November 15 is the feast day of St. Albert the Great. For being called "the great," he's not really that well known. But he should be!
He lived in Germany, and was born around 1200. From an early age, his intellectual abilities were notable. He studied at universities in Italy and France, which were the centers of culture and civilization of the time. After entering the Dominican order, he made a name for himself as one of the intellectual pioneers of the age.
The parish of St. Albert the Great in Minneapolis says this about St. Albert: "He led the way in introducing the writings of Aristotle to Western thought. He pioneered use of the inductive method of reasoning. Albert also was a renowned scholar and researcher in natural science - studying animals, birds, insects, plants and minerals. His 40 volumes of writings served as an encyclopedia of human knowledge at the time in physics, geography, astronomy, mineralogy, chemistry, biology, mathematics, scripture, philosophy and theology."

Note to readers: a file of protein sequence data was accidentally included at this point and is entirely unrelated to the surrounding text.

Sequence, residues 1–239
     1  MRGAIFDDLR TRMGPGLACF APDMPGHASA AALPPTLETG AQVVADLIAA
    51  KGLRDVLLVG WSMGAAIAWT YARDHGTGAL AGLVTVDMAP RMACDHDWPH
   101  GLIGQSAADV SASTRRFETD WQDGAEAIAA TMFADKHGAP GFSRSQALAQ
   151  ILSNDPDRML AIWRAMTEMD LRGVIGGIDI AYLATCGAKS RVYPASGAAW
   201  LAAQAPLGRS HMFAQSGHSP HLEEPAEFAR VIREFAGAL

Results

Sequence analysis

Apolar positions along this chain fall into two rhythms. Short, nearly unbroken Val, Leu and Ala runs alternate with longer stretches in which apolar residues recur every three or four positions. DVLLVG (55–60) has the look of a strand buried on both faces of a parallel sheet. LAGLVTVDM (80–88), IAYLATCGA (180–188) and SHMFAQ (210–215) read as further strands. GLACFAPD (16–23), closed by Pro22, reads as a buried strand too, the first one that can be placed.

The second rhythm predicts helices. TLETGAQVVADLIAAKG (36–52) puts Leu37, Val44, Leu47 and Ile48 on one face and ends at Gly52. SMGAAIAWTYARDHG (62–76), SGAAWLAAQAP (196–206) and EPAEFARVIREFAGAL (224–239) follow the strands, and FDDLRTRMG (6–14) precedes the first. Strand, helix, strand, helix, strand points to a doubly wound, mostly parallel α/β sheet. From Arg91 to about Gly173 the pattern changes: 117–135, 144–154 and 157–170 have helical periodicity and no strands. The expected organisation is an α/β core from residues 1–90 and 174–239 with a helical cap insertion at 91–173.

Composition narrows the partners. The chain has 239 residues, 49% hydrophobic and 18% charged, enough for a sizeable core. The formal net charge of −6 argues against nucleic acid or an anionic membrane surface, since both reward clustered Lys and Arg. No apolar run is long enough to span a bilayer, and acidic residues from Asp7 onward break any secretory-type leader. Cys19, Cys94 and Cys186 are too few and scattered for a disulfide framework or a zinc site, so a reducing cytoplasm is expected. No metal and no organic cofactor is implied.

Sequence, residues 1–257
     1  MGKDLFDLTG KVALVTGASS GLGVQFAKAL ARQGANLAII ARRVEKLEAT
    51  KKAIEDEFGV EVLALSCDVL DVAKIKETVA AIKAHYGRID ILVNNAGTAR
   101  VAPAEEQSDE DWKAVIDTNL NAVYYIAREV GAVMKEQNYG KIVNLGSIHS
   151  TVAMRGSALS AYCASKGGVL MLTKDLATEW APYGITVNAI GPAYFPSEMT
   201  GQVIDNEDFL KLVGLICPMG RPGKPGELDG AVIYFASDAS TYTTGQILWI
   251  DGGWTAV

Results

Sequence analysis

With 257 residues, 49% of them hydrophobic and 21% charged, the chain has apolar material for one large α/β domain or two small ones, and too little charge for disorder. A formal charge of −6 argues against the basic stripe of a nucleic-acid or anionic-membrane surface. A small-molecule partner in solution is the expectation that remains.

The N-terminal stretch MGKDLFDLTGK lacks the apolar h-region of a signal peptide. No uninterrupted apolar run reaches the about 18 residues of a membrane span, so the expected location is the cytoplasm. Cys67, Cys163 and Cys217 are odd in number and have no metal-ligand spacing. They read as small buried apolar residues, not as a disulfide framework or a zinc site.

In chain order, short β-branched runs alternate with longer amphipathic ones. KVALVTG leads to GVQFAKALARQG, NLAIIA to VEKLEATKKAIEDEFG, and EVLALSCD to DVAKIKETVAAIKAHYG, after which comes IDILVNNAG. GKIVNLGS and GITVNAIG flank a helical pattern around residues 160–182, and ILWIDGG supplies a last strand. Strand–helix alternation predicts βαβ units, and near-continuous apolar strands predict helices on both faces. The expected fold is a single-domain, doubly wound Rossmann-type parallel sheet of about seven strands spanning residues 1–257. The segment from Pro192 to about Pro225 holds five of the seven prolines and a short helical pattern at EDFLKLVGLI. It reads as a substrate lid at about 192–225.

He was called the "universal doctor" by his contemporaries, and was one of the most well known preachers of the time. His most famous student was none other than St. Thomas Aquinas.
St. Albert died in 1280. In 1931, Pope Pius XI proclaimed him a saint and doctor of the church. In 1941, Pope Pius XII proclaimed him patron saint of natural scientists.
Lord, thank you for the work and writings of St. Albert, who shaped the intellectual tradition of the Catholic church. Amen.
It is by the path of love, which is charity, that God draws near to man, and man to God. But where charity is not found, God cannot dwell. If, then, we possess charity, we possess God, for "God is Charity" (1John 4:8)
-St. Albert the Great
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